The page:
¶ 7. There is a question of whether the jurisdictional issue was resolved when the supreme court dismissed the State's motion to dismiss the appeal on February 3, 1998. Under the proper procedures, the supreme court by a one-judge order denied the motion on April 17, 1998, ruling that “[t]he appeal should be allowed to go forward.” The appeal has gone forward, but we do not take what the supreme court did to be anything other than allowing the question of the court's jurisdiction to be resolved by the same court and at the same time as the merits were reviewed. Though the motion has been denied, the issue of jurisdiction is always a proper question, even if raised by the court on its own motion.
¶ 8. Specifically relevant to this jurisdictional question, the court has held that a trial court's revocation of a defendant's probation is not an order which may be appealed because it is not authorized by statute. Martin v. State, 556 So.2d 357, 358 (Miss.1990). If irregularities in the revocation process are alleged, those claims can be brought under post-conviction relief procedures. Here, we do not even have an order revoking probation but only an order that restitution payments must be brought current within thirty days, a date long now passed.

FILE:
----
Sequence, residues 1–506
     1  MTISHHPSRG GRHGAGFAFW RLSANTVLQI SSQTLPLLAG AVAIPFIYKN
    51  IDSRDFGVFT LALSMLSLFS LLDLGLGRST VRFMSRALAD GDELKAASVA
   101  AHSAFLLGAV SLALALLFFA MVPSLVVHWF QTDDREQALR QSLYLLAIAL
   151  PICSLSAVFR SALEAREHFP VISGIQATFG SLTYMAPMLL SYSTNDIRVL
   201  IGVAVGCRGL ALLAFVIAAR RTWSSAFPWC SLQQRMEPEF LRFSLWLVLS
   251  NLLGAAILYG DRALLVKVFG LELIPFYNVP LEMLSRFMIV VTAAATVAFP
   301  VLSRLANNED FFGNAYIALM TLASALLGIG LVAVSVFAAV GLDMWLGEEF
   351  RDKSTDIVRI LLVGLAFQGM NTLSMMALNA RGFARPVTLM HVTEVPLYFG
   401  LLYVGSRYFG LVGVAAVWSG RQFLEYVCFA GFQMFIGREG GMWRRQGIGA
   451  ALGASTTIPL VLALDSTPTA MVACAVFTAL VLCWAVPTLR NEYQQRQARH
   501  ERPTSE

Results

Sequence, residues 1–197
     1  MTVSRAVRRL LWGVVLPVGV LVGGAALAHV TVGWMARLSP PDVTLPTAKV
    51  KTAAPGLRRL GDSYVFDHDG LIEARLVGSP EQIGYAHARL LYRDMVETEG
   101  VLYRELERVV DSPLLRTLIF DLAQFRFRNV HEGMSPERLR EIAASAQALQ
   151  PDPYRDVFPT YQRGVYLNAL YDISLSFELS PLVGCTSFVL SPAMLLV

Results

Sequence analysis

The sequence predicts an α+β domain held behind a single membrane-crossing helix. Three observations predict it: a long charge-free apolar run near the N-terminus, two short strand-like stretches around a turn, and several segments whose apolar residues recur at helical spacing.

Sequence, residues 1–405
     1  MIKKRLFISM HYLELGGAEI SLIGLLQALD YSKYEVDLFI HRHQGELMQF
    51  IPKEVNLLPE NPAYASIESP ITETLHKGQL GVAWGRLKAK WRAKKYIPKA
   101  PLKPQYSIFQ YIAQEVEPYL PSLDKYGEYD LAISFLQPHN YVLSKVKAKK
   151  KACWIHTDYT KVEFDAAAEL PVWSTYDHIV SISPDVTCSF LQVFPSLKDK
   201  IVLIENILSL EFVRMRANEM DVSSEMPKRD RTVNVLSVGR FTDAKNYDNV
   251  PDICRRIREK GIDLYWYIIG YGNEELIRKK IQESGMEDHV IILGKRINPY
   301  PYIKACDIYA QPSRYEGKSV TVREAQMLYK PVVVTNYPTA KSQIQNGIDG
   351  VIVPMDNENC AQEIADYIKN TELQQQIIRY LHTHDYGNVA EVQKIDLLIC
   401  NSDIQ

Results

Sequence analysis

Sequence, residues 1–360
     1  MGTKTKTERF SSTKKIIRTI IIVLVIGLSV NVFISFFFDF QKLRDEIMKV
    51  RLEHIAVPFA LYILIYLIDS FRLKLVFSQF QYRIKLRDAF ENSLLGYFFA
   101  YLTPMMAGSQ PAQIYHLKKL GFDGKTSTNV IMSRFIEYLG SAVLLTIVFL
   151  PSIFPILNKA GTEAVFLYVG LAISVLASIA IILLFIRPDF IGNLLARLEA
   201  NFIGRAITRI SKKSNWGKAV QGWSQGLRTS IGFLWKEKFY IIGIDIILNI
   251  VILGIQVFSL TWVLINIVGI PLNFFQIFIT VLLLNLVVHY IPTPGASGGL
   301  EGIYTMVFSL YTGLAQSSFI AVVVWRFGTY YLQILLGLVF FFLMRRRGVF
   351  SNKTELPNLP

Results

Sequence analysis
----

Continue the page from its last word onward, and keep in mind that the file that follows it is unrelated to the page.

¶ 9. Though dismissing the appeal, we note that this record does not reveal that the trial court considered a constitutional issue that arises when failure to make restitution or other monetary payments is argued as a reason to revoke probation. Like any other term of probation, failure to make the ordered restitution payments may result in revocation of the defendant's probation. Miss.Code Ann. § 99-37-5 (Rev.1994). The United States Supreme Court has held that in order to give full value to a probationer's equal protection rights, certain principles must be considered: